It was IT's dirty secret: Spending millions of dollars on security products such as firewalls, antivirus and intrusion detection bought companies little more than ticks in an auditor's checkboxes. Greg Shipley, a respected security consultancy CTO, laid that secret bare in a parting manifesto before joining In-Q-Tel to help the U.S. government spot innovative tech startups. The result: our cover story titled "Epic Fail." Some vendors cried foul, but Greg backed up his thesis with extensive testing of five major antivirus suites that showed detection rates of no better than 30%. His message that you can't buy security came with an action plan. Spend on controls in line with threats. Get realistic about detection. Reward innovative vendors. Know when tech isn't the answer. Since then, the strategy of focusing on risk, process and awareness training has caught on.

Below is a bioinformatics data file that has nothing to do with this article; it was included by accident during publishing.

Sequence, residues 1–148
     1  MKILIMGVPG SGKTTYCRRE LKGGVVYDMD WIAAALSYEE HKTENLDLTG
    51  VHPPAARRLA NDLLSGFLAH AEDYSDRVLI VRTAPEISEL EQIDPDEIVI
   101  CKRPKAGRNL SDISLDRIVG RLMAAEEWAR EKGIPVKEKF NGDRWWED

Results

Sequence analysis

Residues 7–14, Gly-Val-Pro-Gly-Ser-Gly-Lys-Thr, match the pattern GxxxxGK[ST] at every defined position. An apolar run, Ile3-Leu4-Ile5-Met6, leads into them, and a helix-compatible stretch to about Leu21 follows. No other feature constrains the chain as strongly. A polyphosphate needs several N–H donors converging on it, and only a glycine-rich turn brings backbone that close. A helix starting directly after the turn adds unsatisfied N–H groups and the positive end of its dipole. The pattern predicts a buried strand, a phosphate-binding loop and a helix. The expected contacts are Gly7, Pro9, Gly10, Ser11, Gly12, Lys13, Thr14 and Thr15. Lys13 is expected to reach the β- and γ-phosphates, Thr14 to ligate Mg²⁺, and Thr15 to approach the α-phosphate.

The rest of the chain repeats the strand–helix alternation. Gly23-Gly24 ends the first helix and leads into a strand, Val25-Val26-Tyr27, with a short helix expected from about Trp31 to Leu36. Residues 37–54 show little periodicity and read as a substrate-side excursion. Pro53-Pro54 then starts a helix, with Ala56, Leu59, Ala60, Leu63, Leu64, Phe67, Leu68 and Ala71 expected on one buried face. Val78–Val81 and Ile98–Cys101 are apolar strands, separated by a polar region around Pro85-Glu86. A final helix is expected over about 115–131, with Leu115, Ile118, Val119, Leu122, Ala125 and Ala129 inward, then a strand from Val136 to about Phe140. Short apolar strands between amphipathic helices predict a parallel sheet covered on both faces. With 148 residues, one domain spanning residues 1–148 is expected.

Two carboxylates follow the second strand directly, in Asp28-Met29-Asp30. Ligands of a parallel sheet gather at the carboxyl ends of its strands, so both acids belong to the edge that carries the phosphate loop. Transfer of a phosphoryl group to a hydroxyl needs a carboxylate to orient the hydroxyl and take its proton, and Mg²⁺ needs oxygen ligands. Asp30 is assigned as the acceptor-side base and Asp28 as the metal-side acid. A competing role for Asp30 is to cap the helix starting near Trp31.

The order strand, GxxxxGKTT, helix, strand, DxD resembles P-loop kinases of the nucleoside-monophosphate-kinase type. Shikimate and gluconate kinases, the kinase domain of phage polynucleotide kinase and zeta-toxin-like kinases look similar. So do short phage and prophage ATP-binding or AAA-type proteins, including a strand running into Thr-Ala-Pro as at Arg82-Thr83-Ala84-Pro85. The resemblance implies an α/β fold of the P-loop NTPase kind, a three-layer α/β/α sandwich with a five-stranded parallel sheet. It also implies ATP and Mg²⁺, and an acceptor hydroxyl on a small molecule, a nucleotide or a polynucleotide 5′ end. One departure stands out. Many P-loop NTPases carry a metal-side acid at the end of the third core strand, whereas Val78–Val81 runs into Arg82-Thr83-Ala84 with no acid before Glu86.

The Business of Going DigitalDigital business isn't about changing code; it's about changing what legacy sales, distribution, customer service, and product groups do in the new digital age. It's about bringing big data analytics, mobile, social, marketing automation, cloud computing, and the app economy together to launch new products and services. We're seeing new titles in this digital revolution, new responsibilities, new business models, and major shifts in technology spending.
InformationWeek Tech Digest, Nov. 10, 2014Just 30% of respondents to our new survey say their companies are very or extremely effective at identifying critical data and analyzing it to make decisions, down from 42% in 2013. What gives?